Last June, in a UK pilot project, thousands of employees started working a four-day week for the same pay.
With 3,300 workers at 70 companies, ranging from a car parts retailer to an animation studio, marketing agency, and fish-and-chips shop, it was the biggest experiment of its sort ever. Four months later, the results are coming in.
And — drumroll, please — people on a four-day-a-week schedule work just as well as those on a traditional schedule.
In fact, 95% of companies surveyed by 4 Day Week Global say their productivity levels have either stayed the same or improved. Indeed, 46% say business productivity has “maintained around the same level,” 34% report it has “improved slightly,” and 15% say it has ‘improved significantly.‘
Of these companies, 86% are considering making the switch for good.
They’d better. As Samantha Losey, managing director of Unity, a London-based public relations firm, told CNN Business: “[My head] would roll like Marie Antoinette’s if I said to this team, ‘We’re not doing this anymore.'”
This schedule, by the way, is not a four-day-a-week, 10 hours a day schedule. It’s eight hours a day. It’s based on the “100-80-100” theory. In it, workers get 100% pay for 80% of the ordinary work time while working with an expectation of 100% productivity.
It’s a theory no more. We now know it works.
This hasn’t been the only such real-world experiment. For example, Microsoft Japan saw a 40% jump in productivity, while Kickstarter, the global crowdfunding company, has done well with its four-day workweek.
Why does it work? Well, for one thing, businesses using this approach have found that staff turnover, e.g., the Great Resignation, burnout, sick days, and disengaged workers (you know, quiet quitting), all decreased significantly.
Bolt Financial, the company behind a popular one-click checkout solution, switched to a four-day workweek. And, as Bolt’s founder and CEO Ryan Breslow told CNBC, “A lot of companies operate with a lot of work theater, which is people caring more about the appearance of working than the actual work.” With four-day workweeks, employees use their working hours more efficiently.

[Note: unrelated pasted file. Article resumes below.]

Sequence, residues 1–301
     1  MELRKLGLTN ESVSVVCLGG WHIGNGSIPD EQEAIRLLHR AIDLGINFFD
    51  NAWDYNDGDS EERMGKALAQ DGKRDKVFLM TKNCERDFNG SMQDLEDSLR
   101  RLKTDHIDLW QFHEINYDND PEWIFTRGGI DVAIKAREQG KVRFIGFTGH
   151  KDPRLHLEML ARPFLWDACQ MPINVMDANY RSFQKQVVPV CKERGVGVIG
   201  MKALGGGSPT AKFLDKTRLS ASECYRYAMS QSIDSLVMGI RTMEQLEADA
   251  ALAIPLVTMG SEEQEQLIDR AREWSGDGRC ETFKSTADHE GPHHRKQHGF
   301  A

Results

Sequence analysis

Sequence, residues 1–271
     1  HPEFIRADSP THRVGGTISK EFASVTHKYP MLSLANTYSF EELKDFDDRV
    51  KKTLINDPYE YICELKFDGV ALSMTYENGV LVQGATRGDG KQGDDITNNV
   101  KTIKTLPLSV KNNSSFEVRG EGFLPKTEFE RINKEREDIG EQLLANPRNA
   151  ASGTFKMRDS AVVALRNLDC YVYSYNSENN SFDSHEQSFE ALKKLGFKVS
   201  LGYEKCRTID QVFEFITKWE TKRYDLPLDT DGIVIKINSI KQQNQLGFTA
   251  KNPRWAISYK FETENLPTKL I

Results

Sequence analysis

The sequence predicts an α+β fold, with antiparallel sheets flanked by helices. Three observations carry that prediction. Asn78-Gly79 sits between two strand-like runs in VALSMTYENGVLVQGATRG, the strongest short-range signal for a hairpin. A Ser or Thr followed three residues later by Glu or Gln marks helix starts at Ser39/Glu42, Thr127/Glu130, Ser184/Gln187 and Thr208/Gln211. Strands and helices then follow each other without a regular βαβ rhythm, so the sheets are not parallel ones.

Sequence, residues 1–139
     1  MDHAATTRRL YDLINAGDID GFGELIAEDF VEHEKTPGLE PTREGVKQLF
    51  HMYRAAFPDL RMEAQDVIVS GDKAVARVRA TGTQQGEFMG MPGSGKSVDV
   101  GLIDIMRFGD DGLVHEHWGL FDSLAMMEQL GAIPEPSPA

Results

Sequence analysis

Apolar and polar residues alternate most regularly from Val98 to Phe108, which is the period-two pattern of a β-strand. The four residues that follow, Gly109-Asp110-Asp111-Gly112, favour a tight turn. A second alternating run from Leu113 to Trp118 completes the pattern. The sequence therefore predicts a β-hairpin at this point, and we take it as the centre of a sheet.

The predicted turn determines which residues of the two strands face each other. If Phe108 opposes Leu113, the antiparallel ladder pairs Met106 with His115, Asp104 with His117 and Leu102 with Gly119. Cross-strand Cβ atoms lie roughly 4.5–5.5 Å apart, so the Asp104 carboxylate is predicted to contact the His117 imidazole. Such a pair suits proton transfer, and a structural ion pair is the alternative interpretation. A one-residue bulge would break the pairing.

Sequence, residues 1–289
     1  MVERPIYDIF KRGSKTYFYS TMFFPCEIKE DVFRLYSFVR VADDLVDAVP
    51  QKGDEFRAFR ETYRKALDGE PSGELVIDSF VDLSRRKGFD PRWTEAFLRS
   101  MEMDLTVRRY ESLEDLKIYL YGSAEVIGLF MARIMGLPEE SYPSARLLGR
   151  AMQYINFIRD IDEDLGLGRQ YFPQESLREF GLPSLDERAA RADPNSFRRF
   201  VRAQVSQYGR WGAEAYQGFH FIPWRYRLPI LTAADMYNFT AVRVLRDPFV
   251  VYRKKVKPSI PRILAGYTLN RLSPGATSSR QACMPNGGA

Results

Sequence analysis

Take Unilever New Zealand. It uses a four-day workweek schedule, and managing director Nick Bangs explained things this way: “Our goal is to measure performance on output, not time. We believe the old ways of working are outdated and no longer fit for purpose.”
That’s because people come to their work more refreshed and energized.
And the time they spend at work tends to be more productive. As a result, fewer hours are wasted on Friday afternoons, for instance, when everyone tends to look more at the clock than at their keyboards.
As Alex Soojung-Kim Pang, the 4-Day Global program director, told “Computerworld,” “Many people don’t want to go back to office life Monday through Friday, and a four-day [workweek] offers features that for some companies make it more attractive than flexible or fully remote work (though you can combine those with a four-day week).”
If that sounds familiar, it should.
These are the same results companies see when they embrace letting their people work remotely. Both businesses and employees realize that the old ways of working have passed their use-by date. So letting people work where and when they want to work is a win for them and their employers.
The writing is on the wall for those who can read it.
No one pretends that this will be easy or that there’s a simple, fill-in-the-blank way of making this change. Instead, no matter what kind of business you have, you must design and roll out the best approach for your team.
Every company is different.
The 4-Day Global group suggests you look at their case studies to see real-world examples of how it works. Of course, making this kind of change will take some time. After all, when Henry Ford introduced the five-day week over his entire business, he spent three years at it.
Thinking of Ford, it’s worth remembering that, just like today, his critics argued that his workers wouldn’t be as productive if they weren’t working 48 hours a week.
They were wrong, then. They’re wrong now.
Copyright © 2022 IDG Communications, Inc.